Reflections on translanguaging practices in English education in Japan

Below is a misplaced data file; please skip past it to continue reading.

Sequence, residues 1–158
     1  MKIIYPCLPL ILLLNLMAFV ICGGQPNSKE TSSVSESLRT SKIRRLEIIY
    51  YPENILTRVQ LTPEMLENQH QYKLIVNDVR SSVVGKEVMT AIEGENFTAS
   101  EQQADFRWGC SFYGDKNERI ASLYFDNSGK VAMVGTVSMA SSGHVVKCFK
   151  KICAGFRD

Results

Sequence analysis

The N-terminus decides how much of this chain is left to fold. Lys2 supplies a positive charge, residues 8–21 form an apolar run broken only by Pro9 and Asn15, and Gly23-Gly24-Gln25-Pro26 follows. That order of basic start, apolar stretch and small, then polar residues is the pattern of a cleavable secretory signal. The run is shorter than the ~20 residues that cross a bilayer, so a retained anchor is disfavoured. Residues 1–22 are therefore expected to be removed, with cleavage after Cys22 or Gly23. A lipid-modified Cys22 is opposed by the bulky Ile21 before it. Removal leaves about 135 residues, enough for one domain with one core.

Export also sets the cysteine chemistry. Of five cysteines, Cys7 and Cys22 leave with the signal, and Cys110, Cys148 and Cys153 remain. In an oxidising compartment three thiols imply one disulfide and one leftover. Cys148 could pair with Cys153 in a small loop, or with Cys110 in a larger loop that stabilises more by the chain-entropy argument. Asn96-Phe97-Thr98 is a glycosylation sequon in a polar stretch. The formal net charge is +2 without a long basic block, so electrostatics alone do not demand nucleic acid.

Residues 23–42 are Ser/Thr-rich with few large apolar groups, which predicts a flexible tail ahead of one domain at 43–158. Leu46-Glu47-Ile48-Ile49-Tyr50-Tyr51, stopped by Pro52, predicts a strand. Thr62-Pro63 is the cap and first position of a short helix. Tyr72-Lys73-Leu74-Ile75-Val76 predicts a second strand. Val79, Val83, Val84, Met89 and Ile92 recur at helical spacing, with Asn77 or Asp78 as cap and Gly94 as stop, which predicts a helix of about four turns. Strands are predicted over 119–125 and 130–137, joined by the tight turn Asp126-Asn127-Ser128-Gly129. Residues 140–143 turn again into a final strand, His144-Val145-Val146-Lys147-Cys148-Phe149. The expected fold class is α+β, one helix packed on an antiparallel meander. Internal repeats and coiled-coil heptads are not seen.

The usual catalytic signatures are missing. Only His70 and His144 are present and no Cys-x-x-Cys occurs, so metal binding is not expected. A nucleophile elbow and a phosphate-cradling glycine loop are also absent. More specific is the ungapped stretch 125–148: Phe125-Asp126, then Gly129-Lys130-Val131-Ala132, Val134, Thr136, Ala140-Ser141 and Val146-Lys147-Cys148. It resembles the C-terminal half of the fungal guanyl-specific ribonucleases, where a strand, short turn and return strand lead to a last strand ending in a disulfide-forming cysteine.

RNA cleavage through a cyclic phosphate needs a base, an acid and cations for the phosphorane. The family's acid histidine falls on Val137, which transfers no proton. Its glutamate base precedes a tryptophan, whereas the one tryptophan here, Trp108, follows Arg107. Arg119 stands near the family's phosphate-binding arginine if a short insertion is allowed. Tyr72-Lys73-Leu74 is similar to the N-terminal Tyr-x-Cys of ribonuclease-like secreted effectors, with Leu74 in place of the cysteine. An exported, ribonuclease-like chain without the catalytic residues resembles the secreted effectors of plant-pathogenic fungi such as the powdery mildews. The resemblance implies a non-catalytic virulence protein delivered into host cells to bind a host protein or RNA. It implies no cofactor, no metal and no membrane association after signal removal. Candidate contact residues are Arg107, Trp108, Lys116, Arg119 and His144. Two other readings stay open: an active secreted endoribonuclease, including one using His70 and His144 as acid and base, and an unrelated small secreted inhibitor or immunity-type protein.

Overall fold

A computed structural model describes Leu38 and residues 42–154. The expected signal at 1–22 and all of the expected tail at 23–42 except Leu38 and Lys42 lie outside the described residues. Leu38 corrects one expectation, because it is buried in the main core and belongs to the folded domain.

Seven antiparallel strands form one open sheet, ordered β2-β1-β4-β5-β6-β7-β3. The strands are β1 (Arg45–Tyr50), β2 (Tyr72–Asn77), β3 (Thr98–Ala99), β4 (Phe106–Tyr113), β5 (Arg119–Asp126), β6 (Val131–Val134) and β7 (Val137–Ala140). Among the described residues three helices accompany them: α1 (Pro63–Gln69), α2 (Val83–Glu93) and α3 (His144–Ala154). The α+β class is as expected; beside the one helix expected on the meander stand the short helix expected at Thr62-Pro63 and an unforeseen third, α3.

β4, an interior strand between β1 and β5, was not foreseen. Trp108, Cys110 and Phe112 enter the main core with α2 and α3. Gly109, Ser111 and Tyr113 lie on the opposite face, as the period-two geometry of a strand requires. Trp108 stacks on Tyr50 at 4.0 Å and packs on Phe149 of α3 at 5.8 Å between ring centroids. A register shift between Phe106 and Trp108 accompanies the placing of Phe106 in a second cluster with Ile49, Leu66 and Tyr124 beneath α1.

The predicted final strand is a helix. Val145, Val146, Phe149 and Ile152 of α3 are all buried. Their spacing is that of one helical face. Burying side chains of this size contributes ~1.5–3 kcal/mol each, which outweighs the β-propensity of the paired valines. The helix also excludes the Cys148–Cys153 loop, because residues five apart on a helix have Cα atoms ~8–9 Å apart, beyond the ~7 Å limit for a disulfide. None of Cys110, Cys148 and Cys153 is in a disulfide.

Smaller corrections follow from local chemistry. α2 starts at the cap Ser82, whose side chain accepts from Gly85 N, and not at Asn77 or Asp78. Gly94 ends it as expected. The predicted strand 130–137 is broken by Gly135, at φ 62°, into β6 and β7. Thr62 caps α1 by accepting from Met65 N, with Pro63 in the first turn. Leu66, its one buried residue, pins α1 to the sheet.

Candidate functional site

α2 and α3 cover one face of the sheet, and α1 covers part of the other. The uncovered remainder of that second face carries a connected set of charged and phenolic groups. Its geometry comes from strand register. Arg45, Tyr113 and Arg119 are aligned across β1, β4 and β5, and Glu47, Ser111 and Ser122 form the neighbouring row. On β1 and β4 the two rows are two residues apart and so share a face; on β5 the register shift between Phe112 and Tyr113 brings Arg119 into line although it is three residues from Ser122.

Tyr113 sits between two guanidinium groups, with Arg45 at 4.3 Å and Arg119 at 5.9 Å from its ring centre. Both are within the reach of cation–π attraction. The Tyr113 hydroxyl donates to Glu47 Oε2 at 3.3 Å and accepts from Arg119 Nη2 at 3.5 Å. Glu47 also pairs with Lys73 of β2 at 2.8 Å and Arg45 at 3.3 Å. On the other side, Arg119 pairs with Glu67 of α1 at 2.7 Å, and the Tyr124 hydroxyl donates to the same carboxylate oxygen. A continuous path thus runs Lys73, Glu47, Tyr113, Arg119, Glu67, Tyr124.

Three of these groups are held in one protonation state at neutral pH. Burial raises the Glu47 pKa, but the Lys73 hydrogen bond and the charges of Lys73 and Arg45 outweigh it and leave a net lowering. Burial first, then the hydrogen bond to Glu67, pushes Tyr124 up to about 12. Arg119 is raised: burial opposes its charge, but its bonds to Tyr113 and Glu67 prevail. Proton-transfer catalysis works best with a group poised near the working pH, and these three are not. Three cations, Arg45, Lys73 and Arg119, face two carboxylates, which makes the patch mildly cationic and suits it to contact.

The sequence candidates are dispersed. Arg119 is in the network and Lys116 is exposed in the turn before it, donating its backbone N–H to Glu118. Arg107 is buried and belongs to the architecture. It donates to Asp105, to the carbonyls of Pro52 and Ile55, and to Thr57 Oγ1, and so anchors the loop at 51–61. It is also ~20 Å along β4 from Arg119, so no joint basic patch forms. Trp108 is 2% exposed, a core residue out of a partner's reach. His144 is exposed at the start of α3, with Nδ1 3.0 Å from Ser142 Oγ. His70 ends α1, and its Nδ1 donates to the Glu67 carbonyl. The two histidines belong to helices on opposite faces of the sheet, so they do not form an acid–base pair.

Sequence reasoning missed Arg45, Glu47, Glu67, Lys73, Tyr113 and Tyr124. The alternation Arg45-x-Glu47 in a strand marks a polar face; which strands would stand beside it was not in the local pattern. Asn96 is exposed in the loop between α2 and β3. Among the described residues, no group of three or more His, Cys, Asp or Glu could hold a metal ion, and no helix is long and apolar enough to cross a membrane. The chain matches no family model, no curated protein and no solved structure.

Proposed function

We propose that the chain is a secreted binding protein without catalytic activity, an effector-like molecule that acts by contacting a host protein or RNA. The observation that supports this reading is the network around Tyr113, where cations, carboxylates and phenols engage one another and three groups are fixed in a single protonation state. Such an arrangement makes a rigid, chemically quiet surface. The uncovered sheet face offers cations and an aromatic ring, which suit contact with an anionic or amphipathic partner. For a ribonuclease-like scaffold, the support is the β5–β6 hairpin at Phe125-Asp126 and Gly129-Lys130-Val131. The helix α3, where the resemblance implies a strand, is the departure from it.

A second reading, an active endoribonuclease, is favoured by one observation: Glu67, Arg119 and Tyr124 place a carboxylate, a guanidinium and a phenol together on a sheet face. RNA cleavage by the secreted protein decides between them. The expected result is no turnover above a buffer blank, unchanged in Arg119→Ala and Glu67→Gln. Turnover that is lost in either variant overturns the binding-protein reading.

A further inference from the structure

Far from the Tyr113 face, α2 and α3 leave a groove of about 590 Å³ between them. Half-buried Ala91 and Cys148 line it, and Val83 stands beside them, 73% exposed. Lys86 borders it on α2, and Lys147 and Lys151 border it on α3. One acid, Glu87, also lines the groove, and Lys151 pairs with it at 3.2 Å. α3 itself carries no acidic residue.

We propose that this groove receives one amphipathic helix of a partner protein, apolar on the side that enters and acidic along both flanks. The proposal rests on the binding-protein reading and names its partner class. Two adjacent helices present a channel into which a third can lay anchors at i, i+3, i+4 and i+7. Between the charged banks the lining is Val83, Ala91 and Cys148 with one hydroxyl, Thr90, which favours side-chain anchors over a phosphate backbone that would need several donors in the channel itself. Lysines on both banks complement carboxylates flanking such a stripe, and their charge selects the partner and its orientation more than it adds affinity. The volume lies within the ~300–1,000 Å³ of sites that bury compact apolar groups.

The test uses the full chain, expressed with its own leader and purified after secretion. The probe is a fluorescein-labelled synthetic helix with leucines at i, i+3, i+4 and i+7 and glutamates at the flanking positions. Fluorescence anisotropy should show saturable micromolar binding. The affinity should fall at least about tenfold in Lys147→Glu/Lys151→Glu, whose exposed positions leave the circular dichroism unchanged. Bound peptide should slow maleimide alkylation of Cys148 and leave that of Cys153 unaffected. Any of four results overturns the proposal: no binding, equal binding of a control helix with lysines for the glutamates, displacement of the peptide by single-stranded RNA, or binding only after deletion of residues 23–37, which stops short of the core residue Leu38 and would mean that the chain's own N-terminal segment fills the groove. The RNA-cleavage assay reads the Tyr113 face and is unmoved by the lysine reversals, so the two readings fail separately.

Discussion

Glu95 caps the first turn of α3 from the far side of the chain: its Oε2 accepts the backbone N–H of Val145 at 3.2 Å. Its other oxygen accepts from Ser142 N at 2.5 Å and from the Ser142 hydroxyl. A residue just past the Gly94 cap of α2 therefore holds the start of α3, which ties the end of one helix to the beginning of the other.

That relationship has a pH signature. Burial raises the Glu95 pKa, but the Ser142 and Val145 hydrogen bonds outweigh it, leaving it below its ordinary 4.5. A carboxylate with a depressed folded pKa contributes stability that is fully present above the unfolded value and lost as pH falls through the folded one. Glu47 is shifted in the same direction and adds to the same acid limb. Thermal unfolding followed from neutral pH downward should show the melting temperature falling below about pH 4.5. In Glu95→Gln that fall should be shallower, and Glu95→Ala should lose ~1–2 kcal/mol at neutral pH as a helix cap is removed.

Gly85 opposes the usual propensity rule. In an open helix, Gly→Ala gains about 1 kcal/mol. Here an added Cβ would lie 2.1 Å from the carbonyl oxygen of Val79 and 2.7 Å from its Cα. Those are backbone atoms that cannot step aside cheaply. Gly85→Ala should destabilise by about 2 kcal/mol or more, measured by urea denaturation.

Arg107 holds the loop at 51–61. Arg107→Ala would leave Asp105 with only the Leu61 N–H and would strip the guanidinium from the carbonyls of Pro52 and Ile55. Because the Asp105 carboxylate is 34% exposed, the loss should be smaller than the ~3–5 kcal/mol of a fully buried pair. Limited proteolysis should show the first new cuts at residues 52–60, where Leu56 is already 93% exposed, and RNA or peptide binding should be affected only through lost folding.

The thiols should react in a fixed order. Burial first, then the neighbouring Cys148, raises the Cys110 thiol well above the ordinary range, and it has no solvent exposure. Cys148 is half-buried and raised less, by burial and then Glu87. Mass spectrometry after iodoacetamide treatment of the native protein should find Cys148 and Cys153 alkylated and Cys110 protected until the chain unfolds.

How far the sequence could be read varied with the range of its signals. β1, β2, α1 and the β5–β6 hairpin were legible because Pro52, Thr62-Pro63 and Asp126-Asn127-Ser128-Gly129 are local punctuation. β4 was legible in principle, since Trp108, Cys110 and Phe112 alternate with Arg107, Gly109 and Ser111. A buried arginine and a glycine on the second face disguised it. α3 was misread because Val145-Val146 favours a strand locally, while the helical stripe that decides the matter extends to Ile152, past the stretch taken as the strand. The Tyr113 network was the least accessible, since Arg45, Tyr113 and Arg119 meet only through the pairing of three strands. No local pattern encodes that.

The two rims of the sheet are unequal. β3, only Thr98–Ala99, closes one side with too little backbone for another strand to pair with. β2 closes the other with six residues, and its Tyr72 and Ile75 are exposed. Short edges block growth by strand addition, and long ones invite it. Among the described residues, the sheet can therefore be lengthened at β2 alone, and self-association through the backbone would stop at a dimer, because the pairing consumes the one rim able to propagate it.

This study is a reflection on critical incidents (Tripp, 1993) addressing the use and promotion of a learner’s first language (L1) and cultural knowledge as linguistic and cognitive resources for learning English as a Foreign Language (EFL) in Japan. Translanguaging, which was first introduced by Cen Williams (1994) to refer to the practice of interchanging languages in the classroom for productive use, was investigated to provide a deeper understanding of what seems to be relatively common practice across Japan. This paper outlines to fit with the broader study area of a larger collaborative inquiry involving university-based researchers providing English for Academic Purposes (EAP) in Japan. This paper outlines the background of English education in Japan and considers its current state to study possible additions and changes in the broader curricula.
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